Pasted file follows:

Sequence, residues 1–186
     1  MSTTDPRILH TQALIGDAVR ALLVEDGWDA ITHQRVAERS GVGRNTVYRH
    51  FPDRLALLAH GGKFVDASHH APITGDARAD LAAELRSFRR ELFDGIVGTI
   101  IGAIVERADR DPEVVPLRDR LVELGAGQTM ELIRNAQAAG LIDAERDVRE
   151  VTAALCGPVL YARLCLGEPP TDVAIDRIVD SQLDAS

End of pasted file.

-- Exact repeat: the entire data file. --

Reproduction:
Sequence, residues 1–186
     1  MSTTDPRILH TQALIGDAVR ALLVEDGWDA ITHQRVAERS GVGRNTVYRH
    51  FPDRLALLAH GGKFVDASHH APITGDARAD LAAELRSFRR ELFDGIVGTI
   101  IGAIVERADR DPEVVPLRDR LVELGAGQTM ELIRNAQAAG LIDAERDVRE
   151  VTAALCGPVL YARLCLGEPP TDVAIDRIVD SQLDAS